The question about the previous post picture caption below (Look, look, the robots are collaborating!) from “jonathanlearns” warranted me to write the reply as a proper post in itself.
I certainly do not denigrate neither business or government, and I have worked for both. The sarcasm you sense is directed at an outdated education system catering to 18th Century industrialism’s need for human cogs along the conveyor belts and the understanding of production as a linear endeavour, which it clearly is not. However, institutions of that size and age carry an incredible momentum, and therefore the hope is always that they can be somehow up-graded and re-painted rather than re-thought from scratch. However, there is a cut-off point – using the latest laser surgical equipment in a Victorian era hospital which hasn’t yet fitted it’s buildings with electricity is not much help.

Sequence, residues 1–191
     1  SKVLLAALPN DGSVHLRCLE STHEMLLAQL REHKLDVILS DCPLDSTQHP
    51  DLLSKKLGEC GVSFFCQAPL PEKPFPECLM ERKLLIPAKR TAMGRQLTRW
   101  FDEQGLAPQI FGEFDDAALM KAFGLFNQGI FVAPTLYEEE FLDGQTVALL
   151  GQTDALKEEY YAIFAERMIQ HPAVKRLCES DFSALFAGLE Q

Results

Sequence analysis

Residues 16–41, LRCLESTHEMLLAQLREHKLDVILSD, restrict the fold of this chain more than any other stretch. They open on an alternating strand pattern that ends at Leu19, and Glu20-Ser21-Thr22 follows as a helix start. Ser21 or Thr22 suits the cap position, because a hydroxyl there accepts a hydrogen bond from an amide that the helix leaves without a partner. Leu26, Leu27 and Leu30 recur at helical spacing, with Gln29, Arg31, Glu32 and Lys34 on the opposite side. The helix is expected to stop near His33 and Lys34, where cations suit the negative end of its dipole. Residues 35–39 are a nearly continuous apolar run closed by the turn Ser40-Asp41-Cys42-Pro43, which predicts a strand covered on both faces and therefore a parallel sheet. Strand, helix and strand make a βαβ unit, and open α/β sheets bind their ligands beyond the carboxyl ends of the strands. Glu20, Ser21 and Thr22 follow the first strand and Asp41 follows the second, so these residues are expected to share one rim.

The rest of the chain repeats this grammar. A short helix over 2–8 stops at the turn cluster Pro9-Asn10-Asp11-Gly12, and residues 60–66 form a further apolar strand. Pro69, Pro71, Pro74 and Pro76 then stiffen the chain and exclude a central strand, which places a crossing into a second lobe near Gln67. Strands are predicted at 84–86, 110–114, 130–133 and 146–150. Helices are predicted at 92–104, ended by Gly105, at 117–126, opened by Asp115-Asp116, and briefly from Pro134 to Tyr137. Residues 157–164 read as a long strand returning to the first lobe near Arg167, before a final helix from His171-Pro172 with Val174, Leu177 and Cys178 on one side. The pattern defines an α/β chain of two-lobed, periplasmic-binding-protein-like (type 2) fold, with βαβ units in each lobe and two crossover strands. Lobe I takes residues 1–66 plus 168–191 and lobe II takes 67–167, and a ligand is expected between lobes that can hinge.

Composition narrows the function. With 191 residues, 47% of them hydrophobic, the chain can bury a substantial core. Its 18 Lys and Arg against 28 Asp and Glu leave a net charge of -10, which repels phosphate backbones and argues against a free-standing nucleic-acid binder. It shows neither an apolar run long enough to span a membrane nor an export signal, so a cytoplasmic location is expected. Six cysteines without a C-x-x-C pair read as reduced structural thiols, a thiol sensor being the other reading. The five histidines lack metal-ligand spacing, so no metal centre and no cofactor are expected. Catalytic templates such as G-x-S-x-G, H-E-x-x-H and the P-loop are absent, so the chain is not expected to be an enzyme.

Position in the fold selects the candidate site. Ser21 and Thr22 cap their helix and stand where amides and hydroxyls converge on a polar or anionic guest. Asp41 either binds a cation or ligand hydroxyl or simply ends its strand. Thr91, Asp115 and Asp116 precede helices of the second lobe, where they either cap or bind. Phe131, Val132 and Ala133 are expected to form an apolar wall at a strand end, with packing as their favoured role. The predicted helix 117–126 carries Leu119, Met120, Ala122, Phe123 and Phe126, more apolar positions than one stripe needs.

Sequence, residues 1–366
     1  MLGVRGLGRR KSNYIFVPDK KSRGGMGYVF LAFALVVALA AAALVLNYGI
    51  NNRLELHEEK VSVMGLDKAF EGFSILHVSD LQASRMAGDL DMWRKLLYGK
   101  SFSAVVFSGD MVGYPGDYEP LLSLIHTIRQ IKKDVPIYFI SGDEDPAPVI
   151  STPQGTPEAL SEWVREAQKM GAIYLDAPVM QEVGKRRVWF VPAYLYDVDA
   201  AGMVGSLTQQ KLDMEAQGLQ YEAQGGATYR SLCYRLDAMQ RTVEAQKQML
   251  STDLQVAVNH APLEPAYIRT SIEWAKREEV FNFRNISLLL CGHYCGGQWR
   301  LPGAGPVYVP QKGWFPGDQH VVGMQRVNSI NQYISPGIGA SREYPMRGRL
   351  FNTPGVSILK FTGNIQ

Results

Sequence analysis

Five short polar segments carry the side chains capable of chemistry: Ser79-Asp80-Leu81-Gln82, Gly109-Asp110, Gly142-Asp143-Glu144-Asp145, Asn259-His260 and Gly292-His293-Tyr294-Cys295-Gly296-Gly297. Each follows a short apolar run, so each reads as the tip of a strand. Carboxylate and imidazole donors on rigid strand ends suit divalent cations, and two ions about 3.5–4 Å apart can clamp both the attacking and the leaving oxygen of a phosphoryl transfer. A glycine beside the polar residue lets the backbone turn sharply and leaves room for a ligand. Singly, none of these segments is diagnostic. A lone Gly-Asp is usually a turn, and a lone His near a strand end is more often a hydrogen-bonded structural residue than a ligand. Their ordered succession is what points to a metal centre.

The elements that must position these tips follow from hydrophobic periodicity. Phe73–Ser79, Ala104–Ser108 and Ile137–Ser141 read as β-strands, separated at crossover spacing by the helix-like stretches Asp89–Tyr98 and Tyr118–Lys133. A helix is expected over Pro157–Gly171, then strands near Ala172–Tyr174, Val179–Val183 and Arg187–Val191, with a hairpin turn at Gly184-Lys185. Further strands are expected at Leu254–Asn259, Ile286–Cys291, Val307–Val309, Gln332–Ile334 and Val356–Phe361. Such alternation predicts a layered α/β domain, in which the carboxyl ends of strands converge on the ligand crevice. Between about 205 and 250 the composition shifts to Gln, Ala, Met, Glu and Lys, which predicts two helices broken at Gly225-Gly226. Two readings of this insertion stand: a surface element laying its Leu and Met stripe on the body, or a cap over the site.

No-one in business or government wants to see countries and economies fail nor do they want youngsters jobless and disenfranchised. However, to get these institutions to change the above mentioned systemic problems what language should we, as educators, speak? Linear conveyor belt production of helpless worker-bees has passed beyond it’s sell-by date. But what politician will want to tear down the old factory and replace it with a garden whose fruit’s are outside his four-year tenure, and may not even be quantifiable in any neo-liberal sense of the word? And which businesses will support him? But then again, do parents want their kids in that Victorian era hospital? And this is perhaps where the Free School debate in the UK could be turned on it’s head.